Tuesday, July 20, 2004

Martin's new cabinet good news for B.C.

VICTORIA - Expect a few quiet cheers from the BC Liberals at the news that Victoria MP David Anderson has been dropped from the new federal cabinet.
Followed quickly by groans as they contemplate the prospect of dealing with new federal Health Minister Ujjal Dosanjh, their former NDP adversary who once said Gordon Campbell wouldn't know the truth if it hit him the face.
All in all, the new cabinet looks like a gain for B.C.
The huge - perhaps even bloated - cabinet includes five ministers from B.C., the largest number in history. Dosanjh is joined by David Emerson as industry minister and Stephen Owen as minister for western economic development and sport. Raymond Chan gets multiculturalism and Jack Austin gets a seat at the table as the government leader in the Senate.
The numbers are intended to send a signal that B.C. matters. But the test will be what the clutch of ministers are actually able to do for the province on critical issues like the softwood lumber dispute.
Anderson's demotion will please the provincial Liberals on a couple of counts. As environment minister he had been a resolute foe of any plan to allow drilling for offshore oil and gas. Not until all the questions have been answered, he said, but always in a context that made it clear that what he really meant was never.
And during the election campaign he took a number of shots at the Campbell Liberals, blaming their unpopular policies for dragging down the federal party. There was at least some truth to the charges, but it hardly won Anderson points with the Campbell crew.
But Ujjal Dosanjh's emergence as health minister creates at least a couple of problems for the BC Liberals. Harsh words have been spoken in the past, and there's some illwill to be overcome.
And the Liberals will be twitchy about whether Dosanjh's new role will help Carole James in her efforts to paint the NDP as the voice of moderation, a party with more in common with federal Liberal voters than the Campbell government.
That shouldn't be a huge concern for the BC Liberals. The NDP had lots of nasty things to say about Dosanjh's jump to the federal Liberals, and there's illwill to be dealt with there as well.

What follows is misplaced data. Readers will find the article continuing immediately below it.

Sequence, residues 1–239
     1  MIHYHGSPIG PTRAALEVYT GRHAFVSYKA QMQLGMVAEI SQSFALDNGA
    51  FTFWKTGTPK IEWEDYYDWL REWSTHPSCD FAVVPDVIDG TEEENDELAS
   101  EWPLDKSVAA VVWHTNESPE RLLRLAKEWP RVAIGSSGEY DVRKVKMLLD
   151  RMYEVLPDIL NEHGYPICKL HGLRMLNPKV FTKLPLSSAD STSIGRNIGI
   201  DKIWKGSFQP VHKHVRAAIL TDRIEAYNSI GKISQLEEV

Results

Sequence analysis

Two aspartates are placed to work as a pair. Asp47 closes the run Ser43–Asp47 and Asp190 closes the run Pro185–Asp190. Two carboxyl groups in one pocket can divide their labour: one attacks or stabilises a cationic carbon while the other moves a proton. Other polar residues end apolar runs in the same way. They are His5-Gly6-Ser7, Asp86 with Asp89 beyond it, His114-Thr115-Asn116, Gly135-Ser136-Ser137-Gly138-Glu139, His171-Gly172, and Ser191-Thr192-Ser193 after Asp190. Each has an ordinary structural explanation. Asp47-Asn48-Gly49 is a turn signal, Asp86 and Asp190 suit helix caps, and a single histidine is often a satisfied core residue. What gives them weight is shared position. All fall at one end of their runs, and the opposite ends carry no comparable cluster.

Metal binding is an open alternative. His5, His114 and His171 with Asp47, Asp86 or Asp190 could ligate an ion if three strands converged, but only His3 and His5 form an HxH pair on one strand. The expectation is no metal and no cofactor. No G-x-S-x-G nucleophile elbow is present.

Practically, Dosanjh should be the kind of health minister B.C. wants as the provinces head into negotiations with Ottawa on a new funding deal. He used to call on the federal government to increase funding; now he has at least a small chance to make that happen. (Small chance because the major health policy changes will be driven by the prime minister's office, not the health ministry.)
The most interesting addition is Emerson, a former top bureaucrat in Bill Bennett's Socred government and most recently head of Canfor. Industry is a big ministry - some 6,000 employees and a $1.4-billion budget - and includes responsibilities for tourism promotion and economic development.
Emerson is also the senior political minister for B.C., supported by Austin, a role that gives him the opportunity to emerge as a major voice for the province. (Though that was also the hope for Owen when he was elected in 2000. It didn't happen.)
It's an interesting time for the province.
Martin has promised to tackle B.C.'s sense of alienation. And with a minority government and facing a likely election within the next 18 months, he's got good political reasons for trying to convince British Columbians to back his party. (The Liberals and NDP were virtually tied for second place in the province in the election last month.)
That should provide opportunities for Gordon Campbell to lobby for increased federal aid, in terms of both money and policy change.
Count up all the pluses and minuses, and this looks like a cabinet with the potential to offer B.C. a stronger voice in Ottawa.
Footnote: Owen does have an opportunity to help B.C. as minister for western economic diversification, now removed from industry and made a stand alone minister. Owen is also responsible for the 2010 Olympics; he and Campbell can talk about the opportunities when they're both at the Athens Games next month.

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